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More Palisades nuclear plant security workers expressing worry

More Palisades nuclear plant security workers expressing worry

VAN BUREN COUNTY, Mich. (NEWSCHANNEL 3) – Several security officers placed on leave at one of the country's oldest nuclear reactors say they're being treated as scapegoats by plant management.

This comes after the Newschannel 3 I-Team first uncovered an active investigation at the Palisades Nuclear Generating Station revolving around what plant officials describe as "fire tour anomalies."

"I'm on paid leave right now, and I have been for almost a month," said one of the plant workers, agreeing to speak with Newschannel 3's I-Team on the condition of anonymity.

"Now the company [Entergy] lawyer is asking us questions, saying the NRC will be speaking with us…and that we could be criminally liable," the worker added.

The officer also claims security workers at the plant were never trained to do fire tours.

"The training department never once trained us on fire tours," the officer said. "Security used to have a fire brigade that had a certain number of security members on shift, but when Entergy bought the plant they got rid of that…there's a whole fire brigade staff at that plant right now that have never trained anybody on how to do the fire tours."

22 security officers have been placed on paid administrative leave according to the Nuclear Regulatory Commission.

According to a source with knowledge of previous Palisades labor issues and investigations, physical paperwork indicated that fire inspections had been completed by the plant's security officers, however, electronic records tracking movement in the plant showed the opposite, a discrepancy putting the fire inspection paperwork in doubt.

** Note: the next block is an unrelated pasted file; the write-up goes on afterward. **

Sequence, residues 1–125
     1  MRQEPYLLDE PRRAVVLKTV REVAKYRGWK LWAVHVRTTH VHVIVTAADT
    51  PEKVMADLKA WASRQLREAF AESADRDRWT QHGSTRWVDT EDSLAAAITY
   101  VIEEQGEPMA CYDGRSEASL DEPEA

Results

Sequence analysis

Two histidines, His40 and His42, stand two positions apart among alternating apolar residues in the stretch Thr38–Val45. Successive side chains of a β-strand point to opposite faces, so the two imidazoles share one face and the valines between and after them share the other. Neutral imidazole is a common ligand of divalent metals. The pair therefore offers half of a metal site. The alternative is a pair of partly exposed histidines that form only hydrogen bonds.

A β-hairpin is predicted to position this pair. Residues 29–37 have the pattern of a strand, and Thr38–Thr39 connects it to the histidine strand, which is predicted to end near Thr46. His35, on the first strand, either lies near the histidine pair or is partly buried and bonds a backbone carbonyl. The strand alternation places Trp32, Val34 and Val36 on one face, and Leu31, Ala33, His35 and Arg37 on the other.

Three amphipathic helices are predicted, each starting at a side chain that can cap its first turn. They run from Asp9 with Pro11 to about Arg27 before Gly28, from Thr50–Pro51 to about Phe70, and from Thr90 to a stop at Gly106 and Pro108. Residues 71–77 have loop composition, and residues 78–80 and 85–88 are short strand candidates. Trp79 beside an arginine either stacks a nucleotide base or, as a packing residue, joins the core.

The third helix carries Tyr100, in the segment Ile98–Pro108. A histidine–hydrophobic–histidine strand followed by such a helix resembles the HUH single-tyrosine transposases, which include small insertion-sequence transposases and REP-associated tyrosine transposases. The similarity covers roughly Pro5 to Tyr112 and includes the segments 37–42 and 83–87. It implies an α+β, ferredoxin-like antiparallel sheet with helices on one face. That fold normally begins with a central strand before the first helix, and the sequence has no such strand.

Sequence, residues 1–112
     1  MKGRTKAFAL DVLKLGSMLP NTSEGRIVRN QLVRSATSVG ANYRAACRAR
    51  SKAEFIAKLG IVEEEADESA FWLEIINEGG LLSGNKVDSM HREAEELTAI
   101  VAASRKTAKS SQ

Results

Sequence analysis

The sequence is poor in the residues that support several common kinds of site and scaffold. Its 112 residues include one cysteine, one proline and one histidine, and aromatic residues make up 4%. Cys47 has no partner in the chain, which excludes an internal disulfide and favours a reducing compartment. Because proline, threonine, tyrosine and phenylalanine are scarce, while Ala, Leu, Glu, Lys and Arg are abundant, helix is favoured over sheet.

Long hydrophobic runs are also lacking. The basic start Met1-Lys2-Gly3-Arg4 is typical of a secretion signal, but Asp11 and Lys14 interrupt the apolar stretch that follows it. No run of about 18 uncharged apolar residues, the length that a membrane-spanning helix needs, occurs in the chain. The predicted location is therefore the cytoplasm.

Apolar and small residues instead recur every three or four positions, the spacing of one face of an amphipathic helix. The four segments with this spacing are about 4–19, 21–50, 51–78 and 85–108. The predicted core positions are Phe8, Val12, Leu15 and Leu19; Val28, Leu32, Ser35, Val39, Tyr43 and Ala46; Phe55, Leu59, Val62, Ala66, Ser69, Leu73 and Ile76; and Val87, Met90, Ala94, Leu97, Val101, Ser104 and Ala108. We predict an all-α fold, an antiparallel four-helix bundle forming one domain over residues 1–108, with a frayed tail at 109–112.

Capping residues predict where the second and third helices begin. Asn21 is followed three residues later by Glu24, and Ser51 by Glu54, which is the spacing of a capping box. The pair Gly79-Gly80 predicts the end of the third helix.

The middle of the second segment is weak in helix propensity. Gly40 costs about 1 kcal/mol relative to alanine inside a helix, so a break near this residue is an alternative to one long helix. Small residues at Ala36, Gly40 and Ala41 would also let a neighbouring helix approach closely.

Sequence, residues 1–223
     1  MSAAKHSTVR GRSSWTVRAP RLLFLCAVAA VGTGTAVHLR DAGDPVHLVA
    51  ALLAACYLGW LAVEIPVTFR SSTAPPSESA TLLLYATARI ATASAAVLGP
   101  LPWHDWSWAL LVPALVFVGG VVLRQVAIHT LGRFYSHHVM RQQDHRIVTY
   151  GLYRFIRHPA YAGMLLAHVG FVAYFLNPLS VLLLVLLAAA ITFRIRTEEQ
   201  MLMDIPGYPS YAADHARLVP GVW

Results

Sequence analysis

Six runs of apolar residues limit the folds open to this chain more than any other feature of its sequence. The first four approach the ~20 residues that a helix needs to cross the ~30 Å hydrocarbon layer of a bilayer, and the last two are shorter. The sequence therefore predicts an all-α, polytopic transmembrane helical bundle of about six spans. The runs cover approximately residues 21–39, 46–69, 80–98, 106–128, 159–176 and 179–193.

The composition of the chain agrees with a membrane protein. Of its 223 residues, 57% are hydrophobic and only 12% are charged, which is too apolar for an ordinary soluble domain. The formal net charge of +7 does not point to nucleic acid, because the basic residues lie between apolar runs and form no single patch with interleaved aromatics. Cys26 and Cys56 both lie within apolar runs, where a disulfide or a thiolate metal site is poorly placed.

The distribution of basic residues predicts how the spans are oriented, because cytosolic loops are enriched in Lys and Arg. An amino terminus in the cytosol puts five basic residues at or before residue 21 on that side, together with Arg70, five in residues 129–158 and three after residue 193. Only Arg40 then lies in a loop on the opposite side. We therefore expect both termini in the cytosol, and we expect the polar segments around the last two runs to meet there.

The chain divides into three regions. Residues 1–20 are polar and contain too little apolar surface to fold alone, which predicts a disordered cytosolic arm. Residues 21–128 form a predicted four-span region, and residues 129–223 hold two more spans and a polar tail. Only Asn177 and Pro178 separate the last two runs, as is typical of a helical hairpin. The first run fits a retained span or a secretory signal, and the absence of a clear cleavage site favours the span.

That source, tells the Newschannel 3 I-Team the supervisors at the plant who signed off on the paperwork were not placed on leave during the investigation, adding concern about the seriousness of the investigation.

"There's a significant lack of leadership in the security area there, that's for sure," said the source.

Beyond Nuclear, a group known for its opposition to nuclear energy, is not mincing words about the current Palisades investigation.

"Fire itself is 50% of the risk in terms of a meltdown," said Kevin Kamps, a radioactive waste watchdog for Beyond Nuclear. "It's as much of a risk as all the other risks put together, terrorist attacks, natural disasters, and accidents."

Kamps said he is also concerned about the Palisades track record, referencing several incidents in the 40 year old plant's recent history.

"We have such collusion at Palisades, in large measure we've got the NRC covering up for Entergy (owner of the plant), and the NRC has allowed for fire risks to go unaddressed for decades now."

The NRC, however strongly defended its actions at Palisades, and elsewhere.

"The NRC initially identified the discrepancies while conducting safety inspections and continues to closely monitor the plants investigation in response," wrote Prema Chandrathil, a Public Affairs Officer for the NRC. "We look at records, analyze the data, review the plants actions and are having daily discussions with plant personnel."

Chandrathil added the NRC does not have an immediate safety or security concern about the plant.

Some of the security officers, however, disagree, worrying about security at the plant with 22 people on paid leave.

"It's the supervisors who penciled in the security checks…they're all cleared I guess," said one of officers about the investigation. "But the head security supervisor has told officers on shift that a good chunk of people will not be coming back," the worker added.

Entergy, owner of Palisades, said the plant, says the company is taking the investigation seriously, and disputing those both inside and outside the plant critiquing the current state of security.

"Fire tours at Palisades are periodic visual inspections conducted by plant personnel to identify any early indications of fire," wrote Val Gent, a Senior Communications Specialist for Palisades. "These visual inspections are simply one component of our comprehensive fire protection program."

According to Gent, Palisades officials first became aware of the fire tour anomalies in early June, and began an internal investigation shortly thereafter.

"The bottom line is that we cannot tolerate employees stating they completed a task when they didn't," Gent wrote. "We are obligated to fully investigate any such instances.

When asked about the specific accusations made by the security officer placed on leave who spoke to Newschannel 3, Gent declined to go into detail, citing the ongoing investigation.


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